Matiu/Somes acted as a quarantine station up until World War One, though it was busiest from 1872–1876. Many ships’ passengers were quarantined on the island to protect New Zealand against deadly diseases like smallpox – an early version of today’s MIQ facilities. As you walk up the hill from the wharf, you’ll come across a memorial to people who passed away on the island while in quarantine.


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Matiu/Somes was used as an internment camp for ‘enemy aliens’ during both world wars. Despite being associated with enemy nations, many of the people interned had strong connections to New Zealand and some had even been born here.

Towards the top of the island is a cluster of buildings with rich histories. You can explore a maximum-security animal quarantine facility that was built in the 1970s. There is also a small museum which is a must-see for any trip to the island.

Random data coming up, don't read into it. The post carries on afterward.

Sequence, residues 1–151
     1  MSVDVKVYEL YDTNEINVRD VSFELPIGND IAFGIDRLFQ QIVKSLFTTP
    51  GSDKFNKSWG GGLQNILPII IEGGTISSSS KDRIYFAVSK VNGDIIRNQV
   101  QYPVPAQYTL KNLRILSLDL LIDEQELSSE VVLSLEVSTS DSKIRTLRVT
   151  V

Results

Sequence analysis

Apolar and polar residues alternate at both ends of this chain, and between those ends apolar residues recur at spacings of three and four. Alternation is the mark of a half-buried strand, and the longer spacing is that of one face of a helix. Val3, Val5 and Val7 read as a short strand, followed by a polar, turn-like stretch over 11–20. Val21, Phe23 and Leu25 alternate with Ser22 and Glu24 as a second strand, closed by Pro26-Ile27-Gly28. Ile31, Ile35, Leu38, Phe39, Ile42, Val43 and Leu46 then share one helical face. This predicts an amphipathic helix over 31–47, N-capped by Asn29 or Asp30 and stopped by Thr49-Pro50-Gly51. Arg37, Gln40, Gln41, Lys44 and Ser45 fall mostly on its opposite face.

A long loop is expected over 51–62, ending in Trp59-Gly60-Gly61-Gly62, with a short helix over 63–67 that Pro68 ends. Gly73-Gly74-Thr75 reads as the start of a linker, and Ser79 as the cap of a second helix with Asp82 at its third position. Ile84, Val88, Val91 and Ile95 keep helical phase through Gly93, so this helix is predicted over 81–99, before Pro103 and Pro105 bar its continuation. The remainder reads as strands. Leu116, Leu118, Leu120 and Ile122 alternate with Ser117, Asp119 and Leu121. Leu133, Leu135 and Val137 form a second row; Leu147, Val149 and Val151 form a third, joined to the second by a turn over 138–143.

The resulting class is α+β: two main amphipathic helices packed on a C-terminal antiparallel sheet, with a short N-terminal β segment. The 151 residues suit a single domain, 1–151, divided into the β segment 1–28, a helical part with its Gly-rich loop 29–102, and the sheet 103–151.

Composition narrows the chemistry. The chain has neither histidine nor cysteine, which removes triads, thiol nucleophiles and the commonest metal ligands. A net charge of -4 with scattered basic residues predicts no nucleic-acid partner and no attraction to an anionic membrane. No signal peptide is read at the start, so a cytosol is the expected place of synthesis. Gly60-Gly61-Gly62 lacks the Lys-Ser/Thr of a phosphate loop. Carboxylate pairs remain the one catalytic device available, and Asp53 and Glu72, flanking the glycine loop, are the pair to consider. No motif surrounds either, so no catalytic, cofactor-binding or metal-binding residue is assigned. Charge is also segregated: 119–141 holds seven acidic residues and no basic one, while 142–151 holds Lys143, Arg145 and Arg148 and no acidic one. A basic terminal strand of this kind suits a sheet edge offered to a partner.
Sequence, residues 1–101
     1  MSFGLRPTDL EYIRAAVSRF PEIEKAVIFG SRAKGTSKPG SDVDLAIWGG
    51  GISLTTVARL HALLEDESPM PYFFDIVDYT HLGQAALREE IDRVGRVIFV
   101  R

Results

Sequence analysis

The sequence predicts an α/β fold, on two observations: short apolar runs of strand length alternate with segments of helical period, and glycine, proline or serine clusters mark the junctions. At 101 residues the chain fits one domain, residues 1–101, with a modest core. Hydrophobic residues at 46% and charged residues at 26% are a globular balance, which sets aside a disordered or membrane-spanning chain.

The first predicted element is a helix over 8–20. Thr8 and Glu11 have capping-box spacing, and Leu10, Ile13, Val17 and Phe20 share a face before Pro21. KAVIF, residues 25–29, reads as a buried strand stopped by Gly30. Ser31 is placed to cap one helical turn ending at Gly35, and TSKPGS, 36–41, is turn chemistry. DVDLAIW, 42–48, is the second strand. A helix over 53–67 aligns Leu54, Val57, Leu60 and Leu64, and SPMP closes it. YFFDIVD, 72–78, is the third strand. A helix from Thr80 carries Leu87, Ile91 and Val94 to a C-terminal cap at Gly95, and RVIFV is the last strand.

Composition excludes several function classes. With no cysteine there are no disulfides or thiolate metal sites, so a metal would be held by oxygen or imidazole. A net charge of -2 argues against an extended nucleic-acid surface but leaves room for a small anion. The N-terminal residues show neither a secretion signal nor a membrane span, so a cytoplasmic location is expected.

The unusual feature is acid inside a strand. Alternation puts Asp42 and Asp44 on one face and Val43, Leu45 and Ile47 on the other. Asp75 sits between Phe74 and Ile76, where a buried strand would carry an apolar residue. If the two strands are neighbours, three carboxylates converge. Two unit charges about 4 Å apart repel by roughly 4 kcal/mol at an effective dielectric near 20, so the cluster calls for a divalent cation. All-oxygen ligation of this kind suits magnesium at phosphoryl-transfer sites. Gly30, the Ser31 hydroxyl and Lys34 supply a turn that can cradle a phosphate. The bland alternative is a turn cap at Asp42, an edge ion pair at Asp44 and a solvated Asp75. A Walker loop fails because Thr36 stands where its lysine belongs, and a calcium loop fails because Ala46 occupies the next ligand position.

You’ll find World War Two gun emplacements on the top of the island, together with 360-degree views. On your way back to the wharf, a short walk along the coast leads to the remains of a World War Two degaussing station, which was staffed by the Women’s Royal Navy Service.

Feeling like an adventure? You can book space at the island’s campsite or book Education House for the night. Most of the island’s most precious wildlife comes out at night.

Matiu/Somes is a Toyota Kiwi Guardian adventure site – so if you’re headed to the island with kids, download the map before you go to help you explore. Then visit the Toyota Kiwi Guardian website to claim your medal.


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The Remutaka Rail Trail is a firm favourite for the whole family. Following the path of a former railway, this gently graded track is well suited to both walking and biking. Add in tunnels, historical relics, and that dogs are allowed, and you’ve got the perfect day out.